Prepared 20-IV

FLINT
The Murkiest Scam.

As soon as the mercenaries were out of sight, Void snapped her head up and began pointing and gesturing silently. It was a rough and crude system, but it got the idea across. Point at Freefall and herself, then in the direction the mercenaries had left, Freefall and I will follow them. Wide spread to cover all of us, same direction again, then indicating space between her hands, everyone else, following further back. Eyes, then a shake of the head, don't be seen.

What? Did you think we were actually just going to let them go? You mustn't have been paying attention very well, then.

“Wait-” Wisp started to say, confused, but I whacked her in the arm with the back of a hand and shushed her. She snapped her mouth closed, looking embarrassed, then gestured vaguely around. What’s going on?

I held up one finger. Wait. Void had stopped gesturing, one hand held up in a stop sign and her head cocked to the side. She must have heard something, because she nodded, and gestured for everyone to come to her. We did so, Vortex picking up and carrying Ribbon’s limp form, until we were all arranged in a small huddle. It really helped highlight the height differences in our group, too: Tide had stood next to Vortex (because of Ribbon), and there was an almost comical size discrepancy between the two of them.

“Alright,” Void said in a low voice, “they shouldn’t be able to hear us now.

“What is going on?” Wisp demanded. “Just a second ago, you were all-”

“We were faking it so that we could get out of that situation and set ourselves up for a better one.”

“Wait,” Stonewall said, “we were faking it?”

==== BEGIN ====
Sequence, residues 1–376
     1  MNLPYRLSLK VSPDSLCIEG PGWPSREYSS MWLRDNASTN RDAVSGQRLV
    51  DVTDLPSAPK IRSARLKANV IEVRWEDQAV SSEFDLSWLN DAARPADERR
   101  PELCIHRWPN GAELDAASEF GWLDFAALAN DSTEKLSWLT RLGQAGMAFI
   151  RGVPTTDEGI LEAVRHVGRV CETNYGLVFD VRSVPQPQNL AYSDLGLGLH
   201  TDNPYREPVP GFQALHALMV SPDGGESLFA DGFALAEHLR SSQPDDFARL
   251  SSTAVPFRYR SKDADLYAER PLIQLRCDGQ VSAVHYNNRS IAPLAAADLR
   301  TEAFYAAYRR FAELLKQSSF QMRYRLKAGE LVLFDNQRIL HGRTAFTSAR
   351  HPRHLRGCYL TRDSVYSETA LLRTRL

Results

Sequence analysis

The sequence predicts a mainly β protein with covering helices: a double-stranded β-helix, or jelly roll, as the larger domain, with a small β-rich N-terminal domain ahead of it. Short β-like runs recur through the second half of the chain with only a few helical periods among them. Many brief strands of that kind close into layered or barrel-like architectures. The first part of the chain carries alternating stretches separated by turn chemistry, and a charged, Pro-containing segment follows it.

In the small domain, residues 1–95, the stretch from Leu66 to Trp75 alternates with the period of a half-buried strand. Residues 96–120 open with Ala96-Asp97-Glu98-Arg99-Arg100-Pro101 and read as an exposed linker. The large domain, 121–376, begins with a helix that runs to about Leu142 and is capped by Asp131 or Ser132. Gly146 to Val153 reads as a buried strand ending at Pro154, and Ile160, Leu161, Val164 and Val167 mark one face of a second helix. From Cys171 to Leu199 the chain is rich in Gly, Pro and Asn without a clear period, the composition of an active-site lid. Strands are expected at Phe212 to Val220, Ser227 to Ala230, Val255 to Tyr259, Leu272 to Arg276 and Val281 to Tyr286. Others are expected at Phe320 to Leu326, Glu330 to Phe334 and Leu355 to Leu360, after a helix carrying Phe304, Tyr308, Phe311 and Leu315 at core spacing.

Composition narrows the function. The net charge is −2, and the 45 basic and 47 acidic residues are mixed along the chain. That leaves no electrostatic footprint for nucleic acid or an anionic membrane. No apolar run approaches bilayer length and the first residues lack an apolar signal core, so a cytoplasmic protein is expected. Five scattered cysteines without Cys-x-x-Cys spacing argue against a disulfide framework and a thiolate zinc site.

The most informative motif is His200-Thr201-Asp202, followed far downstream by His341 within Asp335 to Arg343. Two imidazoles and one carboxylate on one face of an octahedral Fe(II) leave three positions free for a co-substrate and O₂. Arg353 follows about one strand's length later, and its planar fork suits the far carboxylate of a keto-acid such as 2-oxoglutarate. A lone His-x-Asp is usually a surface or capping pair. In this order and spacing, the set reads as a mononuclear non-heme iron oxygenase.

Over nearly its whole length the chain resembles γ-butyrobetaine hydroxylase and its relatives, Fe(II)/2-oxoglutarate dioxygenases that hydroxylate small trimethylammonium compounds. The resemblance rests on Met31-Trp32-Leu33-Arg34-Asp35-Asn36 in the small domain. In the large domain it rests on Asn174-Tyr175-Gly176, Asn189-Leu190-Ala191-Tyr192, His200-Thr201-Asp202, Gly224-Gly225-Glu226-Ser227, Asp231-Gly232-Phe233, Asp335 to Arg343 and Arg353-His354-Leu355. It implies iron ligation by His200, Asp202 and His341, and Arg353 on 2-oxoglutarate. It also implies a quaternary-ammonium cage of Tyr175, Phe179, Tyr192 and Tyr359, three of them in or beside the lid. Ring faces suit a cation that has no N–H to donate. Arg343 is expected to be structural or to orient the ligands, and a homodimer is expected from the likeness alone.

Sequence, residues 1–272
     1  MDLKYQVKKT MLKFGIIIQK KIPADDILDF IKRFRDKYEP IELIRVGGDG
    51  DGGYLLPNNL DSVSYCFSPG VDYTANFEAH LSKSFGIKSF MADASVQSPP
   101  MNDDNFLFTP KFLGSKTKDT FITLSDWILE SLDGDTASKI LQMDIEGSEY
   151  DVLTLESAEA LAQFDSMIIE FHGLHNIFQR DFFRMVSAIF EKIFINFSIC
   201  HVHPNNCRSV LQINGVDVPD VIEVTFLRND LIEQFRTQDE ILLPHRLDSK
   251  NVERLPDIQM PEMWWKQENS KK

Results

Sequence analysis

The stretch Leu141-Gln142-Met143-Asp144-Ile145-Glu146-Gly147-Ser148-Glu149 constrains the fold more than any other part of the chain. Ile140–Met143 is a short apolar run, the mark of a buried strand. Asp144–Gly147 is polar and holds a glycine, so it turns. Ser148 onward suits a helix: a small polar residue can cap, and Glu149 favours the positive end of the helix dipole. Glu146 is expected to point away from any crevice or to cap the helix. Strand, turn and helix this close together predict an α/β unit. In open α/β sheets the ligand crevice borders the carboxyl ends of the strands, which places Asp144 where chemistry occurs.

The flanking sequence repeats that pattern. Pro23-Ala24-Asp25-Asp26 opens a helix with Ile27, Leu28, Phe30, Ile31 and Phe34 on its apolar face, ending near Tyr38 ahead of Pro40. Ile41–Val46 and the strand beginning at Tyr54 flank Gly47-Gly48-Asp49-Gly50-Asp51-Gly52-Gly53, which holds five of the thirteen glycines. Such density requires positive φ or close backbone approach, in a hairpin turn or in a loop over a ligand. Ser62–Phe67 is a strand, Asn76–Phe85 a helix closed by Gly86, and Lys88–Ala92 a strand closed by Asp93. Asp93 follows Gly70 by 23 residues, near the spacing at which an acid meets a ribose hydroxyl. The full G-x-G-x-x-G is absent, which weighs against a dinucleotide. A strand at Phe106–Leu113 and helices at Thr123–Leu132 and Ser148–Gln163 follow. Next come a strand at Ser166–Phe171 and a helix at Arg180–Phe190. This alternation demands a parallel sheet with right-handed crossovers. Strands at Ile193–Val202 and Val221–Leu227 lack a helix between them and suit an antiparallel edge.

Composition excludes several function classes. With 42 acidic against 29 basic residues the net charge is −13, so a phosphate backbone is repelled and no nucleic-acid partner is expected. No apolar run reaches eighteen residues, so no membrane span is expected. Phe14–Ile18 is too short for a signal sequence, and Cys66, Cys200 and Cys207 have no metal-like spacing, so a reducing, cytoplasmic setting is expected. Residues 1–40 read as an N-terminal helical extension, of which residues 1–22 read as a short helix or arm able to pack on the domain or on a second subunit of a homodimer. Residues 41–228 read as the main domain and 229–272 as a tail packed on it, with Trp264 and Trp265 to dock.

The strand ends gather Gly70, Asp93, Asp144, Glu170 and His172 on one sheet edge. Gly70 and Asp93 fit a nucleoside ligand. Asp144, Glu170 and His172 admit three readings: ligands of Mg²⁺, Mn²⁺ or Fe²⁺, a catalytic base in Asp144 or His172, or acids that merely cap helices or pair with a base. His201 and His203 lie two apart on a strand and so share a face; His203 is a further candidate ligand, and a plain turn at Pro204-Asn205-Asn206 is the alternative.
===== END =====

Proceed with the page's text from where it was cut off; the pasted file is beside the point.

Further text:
“Yes, Adib,” Vortex said with long-suffering patience.

“Oh! So we’re not actually-”

“No, Adib.”

“Good,” he said, satisfied. “If we had to leave Lisette I’d feel bad, even though she isn’t very nice.”

Despite the situation, that got a chuckle out of everyone. Well, all of the Outliers. Wisp and whatshername just seemed confused, probably because they had no way of matching names to the people. “What’s the plan, then?” Wisp asked instead. “Can you get to this… datapad before they do?”

“Well, it’s harder to move with a hostage, trust me. Especially one as… uh, as Ricochet as she is,” I said. “But we’re not very mobile ourselves, right now.”

“Of course you know about moving with hostages,” Flatline said dryly.

“Besides,” Void said before I could reply, “whether through coincidence or intention, they’ve managed to screw us over even more. As a safety measure, Ricochet was the only one who knew where the datapad actually was. So we don’t actually have any way of finding it except following them. Which we need to do stealthily, from a distance.” Her gaze moved over to me. “Flint. You’re staying behind.” For some reason, Wisp’s head snapped to me at that.

“No, I’m not,” I replied immediately, “and do you really want to waste the time arguing about it?”

She continued, conceding the point. “You two,” Kai and Wisp, “powers. Five seconds or less.”

“...mirror shields,” Kai said reluctantly.

“It’s complicated,” Wisp said almost at the same time. “A lot of stuff, really. I think I can follow them without them seeing, though?”

“Will we be able to follow you?”

“Ah- not exactly. But, I think I can tell you when they get there? If you’re willing to carry my body around while I do.”

“I can do that!” Stonewall said.

“I… don’t doubt it.”

“Do that, then. But give us general directions to move in as well.”